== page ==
Tributes paid to former teacher and magistrate

IPSWICH: A devoted family man and loyal friend who dedicated his life to helping thousands of people in Ipswich is today fondly remembered after losing his battle with cancer.

Described by his widow as “a large man in stature as well as heart and character,” David Smith touched the lives of others immersing himself in numerous ventures, helping children and young people.

A former teacher and magistrate, the 72-year-old of Sheldrake Drive, died last Wednesday at Ipswich Hospital surrounded by his family.

He was diagnosed with lung cancer around a year ago but despite his good health he developed secondary tumours in his brain, diagnosed around Christmas.

An Ipswich man through and through, he was born in the town, worked in the town and raised his family there.

After the tragic death of his first wife Ann Smith, a former Mayor of Ipswich from 1981 to 1982 16 years ago, Mr Smith remarried in 2001, finding love again with a friend, also called Ann.

Mr Smith started his career teaching geography and English at Landseer Road Boys School, later to become Nacton High School and Holywells High School, where he inspired thousands of students until his retirement.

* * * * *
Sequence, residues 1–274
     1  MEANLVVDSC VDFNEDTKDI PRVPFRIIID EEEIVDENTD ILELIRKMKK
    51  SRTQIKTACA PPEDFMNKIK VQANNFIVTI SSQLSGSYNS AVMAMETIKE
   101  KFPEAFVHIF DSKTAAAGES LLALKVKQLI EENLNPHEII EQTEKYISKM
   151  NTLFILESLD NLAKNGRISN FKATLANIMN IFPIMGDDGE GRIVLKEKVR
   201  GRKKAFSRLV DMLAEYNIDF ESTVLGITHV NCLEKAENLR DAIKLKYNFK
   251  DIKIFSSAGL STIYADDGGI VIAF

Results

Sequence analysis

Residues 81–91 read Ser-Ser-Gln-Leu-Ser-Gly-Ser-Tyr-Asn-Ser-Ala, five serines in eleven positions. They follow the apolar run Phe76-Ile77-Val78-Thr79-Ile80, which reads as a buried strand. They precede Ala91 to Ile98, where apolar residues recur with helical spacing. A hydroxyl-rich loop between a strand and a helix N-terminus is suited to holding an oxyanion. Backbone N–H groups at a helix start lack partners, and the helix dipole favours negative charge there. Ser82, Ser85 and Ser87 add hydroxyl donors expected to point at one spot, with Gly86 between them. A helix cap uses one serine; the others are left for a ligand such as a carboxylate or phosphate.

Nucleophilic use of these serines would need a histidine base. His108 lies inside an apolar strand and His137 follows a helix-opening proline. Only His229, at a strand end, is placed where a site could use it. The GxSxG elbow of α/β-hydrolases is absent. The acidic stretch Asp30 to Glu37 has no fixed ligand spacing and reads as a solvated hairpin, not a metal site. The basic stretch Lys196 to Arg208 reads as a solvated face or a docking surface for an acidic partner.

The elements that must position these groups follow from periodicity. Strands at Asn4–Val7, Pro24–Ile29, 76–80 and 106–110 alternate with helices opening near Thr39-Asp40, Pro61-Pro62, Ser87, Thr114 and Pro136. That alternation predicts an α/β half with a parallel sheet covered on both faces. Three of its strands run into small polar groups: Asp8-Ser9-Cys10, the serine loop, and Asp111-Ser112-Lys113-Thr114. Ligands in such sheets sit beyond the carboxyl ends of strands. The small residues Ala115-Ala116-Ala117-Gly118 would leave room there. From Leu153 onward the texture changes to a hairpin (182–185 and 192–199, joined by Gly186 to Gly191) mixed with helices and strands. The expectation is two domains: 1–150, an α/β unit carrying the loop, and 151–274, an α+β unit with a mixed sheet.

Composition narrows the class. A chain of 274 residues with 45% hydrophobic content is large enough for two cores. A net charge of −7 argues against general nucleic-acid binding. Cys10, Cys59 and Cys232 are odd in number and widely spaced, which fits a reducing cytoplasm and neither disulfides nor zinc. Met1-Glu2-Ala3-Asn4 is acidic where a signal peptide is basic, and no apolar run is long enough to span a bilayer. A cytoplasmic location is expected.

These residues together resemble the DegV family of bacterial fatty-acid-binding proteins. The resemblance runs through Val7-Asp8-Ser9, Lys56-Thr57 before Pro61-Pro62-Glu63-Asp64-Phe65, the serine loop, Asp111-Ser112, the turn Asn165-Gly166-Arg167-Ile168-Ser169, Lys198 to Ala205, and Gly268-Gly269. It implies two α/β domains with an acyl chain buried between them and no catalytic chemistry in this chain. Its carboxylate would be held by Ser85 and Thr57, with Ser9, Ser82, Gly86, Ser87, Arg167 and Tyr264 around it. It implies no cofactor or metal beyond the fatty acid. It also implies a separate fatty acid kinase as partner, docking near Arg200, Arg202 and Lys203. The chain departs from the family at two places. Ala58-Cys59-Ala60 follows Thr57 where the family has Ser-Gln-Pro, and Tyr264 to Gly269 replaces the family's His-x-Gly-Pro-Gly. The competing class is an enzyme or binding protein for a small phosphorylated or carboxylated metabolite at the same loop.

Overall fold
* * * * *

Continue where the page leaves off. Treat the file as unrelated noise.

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But he went above and beyond the call of duty.

He became heavily involved in the pastoral care of the students, running a youth group in Nacton Road as well as helping to run a boxing club for youngsters in the area.

Later he became a magistrate, serving the community for 25 years, specialising in family law where he further pursued his passion to help young people.

And through his work as president of the east Suffolk branch of the NSPCC for 10 years he continued to raise awareness and fundraise to combat child cruelty.

His daughter Julia Holding, who lives near Birmingham, said her father would be remembered as the “life and soul of the party,” “a great raconteur with a lightning quick wit” and “great sense of humour.”

She said: “He was the life and soul of every party, really fun. He was a very, clever man who had a remarkable knowledge, he knew lots of things about everything.

“He loved socialising with other people and was hugely supportive of other people around him.

“He was a great raconteur, with an amazing knack of telling a story.

“He could just recall them and keep people interested for hours. He was quick-witted and so funny. Even right up until the end he would still recall his stories, even when he was very poorly.”

With his new wife Ann came an expanding family, one he embraced with an infectious enthusiasm.

Mrs Baxter Smith said: “He really did touch so many lives, he was a large man in stature as well as heart and character, who made a difference to so many other people throughout his life.

“He made the most of everything in life.”

Mr Smith is survived by his wife Ann, daughters Julia Holding and Penny Jenkins and his three step-sons Robert Baxter, Pete Baxter and Stuart Baxter as well as 15 grandchildren and one great grandchild.

His funeral will be at the Unitarian Meeting House at 11.30am on Wednesday, April 21. The family have asked that instead of flowers, donations can be made to the NSPCC and St Elizabeth’s Hospice.